In a statement, the leadership of the Gibert Jeune chain said that “the COVID crisis, with the emptying of the Latin Quarter of Paris,” had been the final straw.
Anceau, the historian, said the atmosphere in the neighborhood had been “apocalyptic” since the start of the pandemic. The gloom that has settled over Paris has been perhaps most conspicuous in the Latin Quarter, whose very heart — the cafes, restaurants, theaters and museums — stopped beating amid government lockdown restrictions to fight coronavirus infections.
The temporary shutdown of these cultural pillars has resonated among local residents as a dress rehearsal for the near future. Cafes and theaters have not reopened since the fall, when a second wave of infections was taking hold in France, and many fear that some will have gone out of business by the time restrictions are lifted.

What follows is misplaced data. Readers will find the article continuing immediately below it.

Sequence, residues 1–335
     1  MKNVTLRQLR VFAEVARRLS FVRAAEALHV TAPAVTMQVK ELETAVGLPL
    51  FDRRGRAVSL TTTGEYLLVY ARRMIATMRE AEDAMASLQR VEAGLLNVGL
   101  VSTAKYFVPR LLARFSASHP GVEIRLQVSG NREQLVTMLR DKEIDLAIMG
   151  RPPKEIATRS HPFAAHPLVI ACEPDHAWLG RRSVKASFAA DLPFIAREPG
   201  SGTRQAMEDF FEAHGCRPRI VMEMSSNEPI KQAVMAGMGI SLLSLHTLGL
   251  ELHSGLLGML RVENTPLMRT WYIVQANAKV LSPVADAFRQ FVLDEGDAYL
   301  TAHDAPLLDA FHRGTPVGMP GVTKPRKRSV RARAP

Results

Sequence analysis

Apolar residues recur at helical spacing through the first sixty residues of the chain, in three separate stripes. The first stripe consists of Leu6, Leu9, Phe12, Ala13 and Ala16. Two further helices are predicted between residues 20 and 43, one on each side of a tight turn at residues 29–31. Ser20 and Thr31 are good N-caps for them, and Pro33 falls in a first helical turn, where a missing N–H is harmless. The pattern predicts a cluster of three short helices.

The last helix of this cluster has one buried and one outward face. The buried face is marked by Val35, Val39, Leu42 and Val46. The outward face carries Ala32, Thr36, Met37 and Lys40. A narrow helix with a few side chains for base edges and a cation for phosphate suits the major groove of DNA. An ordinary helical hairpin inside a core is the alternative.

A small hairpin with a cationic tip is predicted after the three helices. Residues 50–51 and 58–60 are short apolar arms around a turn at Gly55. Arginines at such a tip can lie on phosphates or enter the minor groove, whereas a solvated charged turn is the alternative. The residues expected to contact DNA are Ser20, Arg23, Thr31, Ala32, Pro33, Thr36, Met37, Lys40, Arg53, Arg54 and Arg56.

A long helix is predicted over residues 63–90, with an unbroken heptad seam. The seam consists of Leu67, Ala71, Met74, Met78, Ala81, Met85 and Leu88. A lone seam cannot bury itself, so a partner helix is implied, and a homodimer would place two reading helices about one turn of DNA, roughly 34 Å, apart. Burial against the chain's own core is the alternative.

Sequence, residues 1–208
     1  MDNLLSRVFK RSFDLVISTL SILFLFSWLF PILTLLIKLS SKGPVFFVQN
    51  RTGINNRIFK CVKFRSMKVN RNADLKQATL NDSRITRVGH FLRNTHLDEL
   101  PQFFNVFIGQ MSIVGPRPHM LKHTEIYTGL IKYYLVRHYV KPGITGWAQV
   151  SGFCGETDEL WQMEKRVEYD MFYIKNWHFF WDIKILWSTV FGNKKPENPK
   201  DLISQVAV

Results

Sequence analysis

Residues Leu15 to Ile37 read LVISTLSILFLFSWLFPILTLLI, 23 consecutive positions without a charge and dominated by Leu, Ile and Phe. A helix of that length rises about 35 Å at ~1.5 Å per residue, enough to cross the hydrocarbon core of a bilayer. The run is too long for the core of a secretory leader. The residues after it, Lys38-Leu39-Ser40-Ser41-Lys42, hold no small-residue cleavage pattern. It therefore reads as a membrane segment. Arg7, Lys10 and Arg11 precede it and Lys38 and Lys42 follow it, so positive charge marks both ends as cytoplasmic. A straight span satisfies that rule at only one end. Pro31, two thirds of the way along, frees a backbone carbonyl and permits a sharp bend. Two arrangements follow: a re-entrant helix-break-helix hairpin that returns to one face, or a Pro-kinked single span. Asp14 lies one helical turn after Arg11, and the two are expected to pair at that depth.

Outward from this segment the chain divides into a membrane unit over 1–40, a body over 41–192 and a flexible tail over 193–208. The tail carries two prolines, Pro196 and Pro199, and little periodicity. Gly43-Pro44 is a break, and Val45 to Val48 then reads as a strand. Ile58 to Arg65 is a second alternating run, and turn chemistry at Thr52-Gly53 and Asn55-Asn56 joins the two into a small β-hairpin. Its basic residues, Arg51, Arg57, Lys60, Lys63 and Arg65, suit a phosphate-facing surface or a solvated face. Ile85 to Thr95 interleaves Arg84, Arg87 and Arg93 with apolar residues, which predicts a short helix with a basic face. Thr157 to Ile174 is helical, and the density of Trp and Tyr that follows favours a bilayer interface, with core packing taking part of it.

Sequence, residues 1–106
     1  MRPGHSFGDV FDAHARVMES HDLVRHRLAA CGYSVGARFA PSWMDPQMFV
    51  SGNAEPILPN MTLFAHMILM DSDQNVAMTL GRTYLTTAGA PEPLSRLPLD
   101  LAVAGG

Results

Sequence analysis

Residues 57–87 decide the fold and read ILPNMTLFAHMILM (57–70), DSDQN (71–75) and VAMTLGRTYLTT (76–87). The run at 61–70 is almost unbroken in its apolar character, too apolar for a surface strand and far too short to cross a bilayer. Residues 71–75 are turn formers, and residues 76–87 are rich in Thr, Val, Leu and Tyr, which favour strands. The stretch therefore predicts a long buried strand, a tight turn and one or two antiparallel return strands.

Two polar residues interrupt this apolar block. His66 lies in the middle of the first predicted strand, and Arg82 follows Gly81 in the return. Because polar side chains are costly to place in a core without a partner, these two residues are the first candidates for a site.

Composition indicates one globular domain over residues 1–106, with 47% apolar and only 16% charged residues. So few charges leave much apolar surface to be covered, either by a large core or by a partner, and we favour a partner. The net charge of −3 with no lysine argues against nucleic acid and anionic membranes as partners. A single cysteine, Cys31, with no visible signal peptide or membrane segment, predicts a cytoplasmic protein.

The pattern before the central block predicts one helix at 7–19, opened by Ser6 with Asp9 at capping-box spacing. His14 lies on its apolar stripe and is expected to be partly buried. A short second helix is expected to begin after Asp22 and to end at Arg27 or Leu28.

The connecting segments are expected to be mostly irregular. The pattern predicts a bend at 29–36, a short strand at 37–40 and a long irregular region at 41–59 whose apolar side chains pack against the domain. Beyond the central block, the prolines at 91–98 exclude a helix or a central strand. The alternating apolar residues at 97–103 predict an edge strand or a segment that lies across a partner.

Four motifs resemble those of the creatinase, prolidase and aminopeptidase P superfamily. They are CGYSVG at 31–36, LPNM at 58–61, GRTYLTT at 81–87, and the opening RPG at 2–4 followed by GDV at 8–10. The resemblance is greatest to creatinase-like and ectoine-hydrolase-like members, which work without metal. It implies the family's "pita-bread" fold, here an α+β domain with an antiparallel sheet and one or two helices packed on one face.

On the Rue Champollion, a cobbled, narrow street close to the Sorbonne, the lines of film buffs that once stretched out on the sidewalks in the middle of the day are nowhere to be found today. The three art-house movie theaters there were closed for the lockdown
One of the theaters, Le Champo, has been displaying extracts from its guest book — “the memory box,” as it called them — behind its closed windows. A 2018 message left by prolific screenwriter Jean-Claude Carrière, who died last month, read: “For Le Champo! So many years later … and how many more years to come?”